Let’s learn to feed the goose that lays eggs

AS the Zimbabwe International Trade Fair (ZITF) revealed to this publication, it turned away several exhibitors due to lack of space during the recently held exhibition.

AS the Zimbabwe International Trade Fair (ZITF) revealed to this publication, it turned away several exhibitors due to lack of space during the recently held exhibition.

The limited space to accommodate exhibitors came at a time when there was a 35% increase in the number of exhibitors to 766, compared to 565 in 2023.

Of the 766 participants, 471 were direct exhibitors. The fair attracted 295 indirect exhibitors. Indirect exhibitors are those who exhibit under the banner of a country. Two hundred and eight of the total exhibitors were new exhibitors, demonstrating that excitement on Zimbabwe could be growing. And about 98% of these were foreign exhibitors.

What this shortage of space to accommodate exhibitors exposed is one of Zimbabwe’s many chronic ailments, a lack of investment by the State. Zimbabwe should not fold its hands when such important organisations are in need. Authorities must take action.

One way of solving this problem is for the government to help the ZITF Company raise the funding it requires to support its expansion programme, which was announced last week. It requires not less than US$300 million. As cotton producer, Cottco, says in another report in this edition, this is not a small amount that local banks may be willing to bankroll. The ZITF has several pivotal strengths that Zimbabwe can leverage on.

In its own small way, it is a foreign currency generator. But going by its growing influence on a global scale, its role as a marketing arm of Zimbabwe is the most important. This is why combined efforts must be made to give impetus to its expansion programme. In addition, every chance to get foreign currency for the country must be followed to help Zimbabwe achieve its upper middle-income economy status by 2030. Helping institutions like the ZITF Company can be an important part of achieving this broad vision.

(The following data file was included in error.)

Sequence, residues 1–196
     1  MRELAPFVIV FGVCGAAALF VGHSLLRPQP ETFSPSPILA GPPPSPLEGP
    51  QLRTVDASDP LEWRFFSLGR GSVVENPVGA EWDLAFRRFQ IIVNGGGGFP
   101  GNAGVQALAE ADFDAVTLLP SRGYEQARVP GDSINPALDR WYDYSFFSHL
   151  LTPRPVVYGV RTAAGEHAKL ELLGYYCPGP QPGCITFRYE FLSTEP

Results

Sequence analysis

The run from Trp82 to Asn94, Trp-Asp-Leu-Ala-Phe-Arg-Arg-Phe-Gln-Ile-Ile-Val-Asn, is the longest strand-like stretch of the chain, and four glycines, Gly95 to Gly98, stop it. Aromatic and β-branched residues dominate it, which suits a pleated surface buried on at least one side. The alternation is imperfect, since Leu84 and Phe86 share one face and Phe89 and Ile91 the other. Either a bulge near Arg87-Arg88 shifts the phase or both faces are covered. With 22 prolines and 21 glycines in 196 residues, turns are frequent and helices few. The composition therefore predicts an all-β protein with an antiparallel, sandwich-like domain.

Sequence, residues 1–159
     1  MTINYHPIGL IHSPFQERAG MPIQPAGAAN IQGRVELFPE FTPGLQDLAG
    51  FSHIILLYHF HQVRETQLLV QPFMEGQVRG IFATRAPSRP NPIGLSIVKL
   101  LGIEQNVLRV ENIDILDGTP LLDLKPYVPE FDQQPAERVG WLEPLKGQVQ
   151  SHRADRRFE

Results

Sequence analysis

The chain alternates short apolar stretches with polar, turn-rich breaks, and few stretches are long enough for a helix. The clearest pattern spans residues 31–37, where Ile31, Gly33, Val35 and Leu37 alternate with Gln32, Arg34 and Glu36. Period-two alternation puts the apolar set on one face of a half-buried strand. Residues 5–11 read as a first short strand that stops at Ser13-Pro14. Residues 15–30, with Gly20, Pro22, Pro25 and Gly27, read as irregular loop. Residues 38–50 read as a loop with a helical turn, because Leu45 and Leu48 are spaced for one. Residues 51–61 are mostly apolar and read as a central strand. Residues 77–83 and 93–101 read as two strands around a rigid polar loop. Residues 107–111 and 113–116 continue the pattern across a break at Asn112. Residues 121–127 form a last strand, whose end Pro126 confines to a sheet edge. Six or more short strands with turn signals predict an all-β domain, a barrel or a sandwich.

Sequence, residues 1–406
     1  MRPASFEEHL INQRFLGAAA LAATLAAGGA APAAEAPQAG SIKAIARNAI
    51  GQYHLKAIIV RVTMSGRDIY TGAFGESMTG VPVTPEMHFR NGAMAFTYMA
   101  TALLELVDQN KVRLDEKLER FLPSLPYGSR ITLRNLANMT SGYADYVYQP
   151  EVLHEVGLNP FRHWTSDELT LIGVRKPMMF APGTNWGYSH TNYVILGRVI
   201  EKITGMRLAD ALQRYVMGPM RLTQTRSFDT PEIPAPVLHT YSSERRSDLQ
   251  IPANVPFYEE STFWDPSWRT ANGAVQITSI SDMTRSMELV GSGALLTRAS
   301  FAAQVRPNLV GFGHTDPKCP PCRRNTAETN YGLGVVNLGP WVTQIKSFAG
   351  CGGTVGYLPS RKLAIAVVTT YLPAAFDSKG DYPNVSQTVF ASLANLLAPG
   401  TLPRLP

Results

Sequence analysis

Already, legal think-tank, Veritas, says this plan is already falling  behind the 2030 target. This is because the country needs to reach a Gross National Income (GNI) of between US$4 466 and US$13 845 per capita.

Zimbabwe is currently hovering at less than US$1 500, which is at least three times behind the goal.

Veritas explained that to reach the necessary GNI numbers, major growth in the main economic sectors would have to take place — some having to double in size.

Resultantly, if the government cannot support one of the country’s biggest business events, such as ZITF, it has misplaced priorities. Commodity prices are weighing down mining and climate change is reducing agricultural output annually. This must be the time to drum up more investment inflows through organisations like ZITF.

They must be supported in every manner possible. They boost economic diversification, including in sectors like tourism, which is already showing signs it can attract bigger investments. The government needs to do more to identify investment winners. It needs to think better on this front, because without trade and investment, Zimbabwe will remain in crisis.

Related Topics